Writer-producer Paul Marcarelli got the germ of the idea for his new film, The Green, when he noticed that, in dividing his time between his adopted hometown of Guilford, Ct., and his apartment in Brooklyn, he also seemed to divide his personality - or, at least, his behavior.
"New York City is the place where you're gay until proven otherwise," Marcarelli says, sitting in an Upper West Side diner in Manhattan. "But in Connecticut, when you're the only gay guy on the block, you find yourself spending a lot of time making sure other people are comfortable. It's this feeling that you need to be a good gay ambassador because you're the only one in the neighborhood. There's a level of internalized shame - and shame is at the root of Michael's challenge in this film."
In The Green, which debuted on digital platforms this week, Michael (Jason Butler Harner) is a well-liked English teacher at a private school in a small Connecticut community, where he lives with his partner, Daniel (Cheyenne Jackson), a popular vegetarian caterer. But when Michael is accused of inappropriate behavior with one of his students, the entire town turns on him, despite the lack of evidence that the charges are true.
For Steven Williford, who directed The Green after working on its development with Marcarelli, the situation in the film was the extension of an idea he and Marcarelli had discussed.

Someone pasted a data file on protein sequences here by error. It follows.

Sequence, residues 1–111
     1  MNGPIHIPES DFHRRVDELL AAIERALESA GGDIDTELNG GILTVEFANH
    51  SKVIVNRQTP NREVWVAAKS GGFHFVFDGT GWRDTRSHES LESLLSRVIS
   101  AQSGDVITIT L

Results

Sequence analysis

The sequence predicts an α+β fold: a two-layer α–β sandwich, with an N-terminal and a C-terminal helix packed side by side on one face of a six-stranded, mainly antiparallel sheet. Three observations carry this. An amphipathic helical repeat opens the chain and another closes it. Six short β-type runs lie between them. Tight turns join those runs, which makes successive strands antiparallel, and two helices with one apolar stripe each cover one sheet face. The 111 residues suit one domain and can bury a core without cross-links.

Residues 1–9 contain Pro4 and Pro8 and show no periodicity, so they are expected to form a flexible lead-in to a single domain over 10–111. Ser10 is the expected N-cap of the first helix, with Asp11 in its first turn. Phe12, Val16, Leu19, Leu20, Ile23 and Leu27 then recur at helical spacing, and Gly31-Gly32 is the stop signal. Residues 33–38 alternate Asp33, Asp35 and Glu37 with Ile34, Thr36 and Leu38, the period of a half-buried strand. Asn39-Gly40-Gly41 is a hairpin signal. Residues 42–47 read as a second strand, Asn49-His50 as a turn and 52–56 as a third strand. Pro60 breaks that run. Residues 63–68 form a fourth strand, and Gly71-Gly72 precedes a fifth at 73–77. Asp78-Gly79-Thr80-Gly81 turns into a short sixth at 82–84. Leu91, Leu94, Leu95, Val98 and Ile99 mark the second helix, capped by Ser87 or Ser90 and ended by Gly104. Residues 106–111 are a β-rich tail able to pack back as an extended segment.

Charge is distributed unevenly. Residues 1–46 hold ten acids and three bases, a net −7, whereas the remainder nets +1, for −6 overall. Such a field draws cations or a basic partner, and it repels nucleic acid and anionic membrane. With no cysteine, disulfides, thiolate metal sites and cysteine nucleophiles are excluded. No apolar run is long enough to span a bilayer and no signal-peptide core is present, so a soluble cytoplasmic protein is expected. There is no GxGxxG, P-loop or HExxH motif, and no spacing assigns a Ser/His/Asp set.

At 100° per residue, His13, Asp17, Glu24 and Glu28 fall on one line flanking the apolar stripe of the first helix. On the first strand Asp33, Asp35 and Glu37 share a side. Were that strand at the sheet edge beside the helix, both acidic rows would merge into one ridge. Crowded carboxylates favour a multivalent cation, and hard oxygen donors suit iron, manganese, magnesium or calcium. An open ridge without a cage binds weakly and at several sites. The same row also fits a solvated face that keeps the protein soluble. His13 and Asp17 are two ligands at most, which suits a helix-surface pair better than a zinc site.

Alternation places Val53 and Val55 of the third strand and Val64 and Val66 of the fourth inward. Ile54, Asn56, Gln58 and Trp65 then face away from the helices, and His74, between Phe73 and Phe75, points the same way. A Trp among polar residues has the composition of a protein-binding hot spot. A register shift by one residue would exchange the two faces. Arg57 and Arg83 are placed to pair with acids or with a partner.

"My first job out of graduate school, I ran a theater company in southwest Indiana - and I've always lived as an out gay person," Williford says. "That was unusual in that conservative part of that state. And people seem fascinated with my ease with living an openly gay life there in 1990.
"While I didn't experience any obvious homophobia, I always wondered what would have to happen for people to really come to terms with what they felt. I shared that experience with Paul, who said he'd been trying to write a story on the same subject, but couldn't find a hook."
Once Marcarelli and Williford had settled on the script, Marcarelli and his production company put together the money to make the film ("It was less than a million and bigger than a breadbox," Marcarelli says), which they shot in 17 days in Guildford, where Marcarelli still has a house.
"We come from a scrappy downtown theater work ethic," Marcarelli says. "We're good at figuring out ways to make a little look like a lot."
This interview continues on my website.
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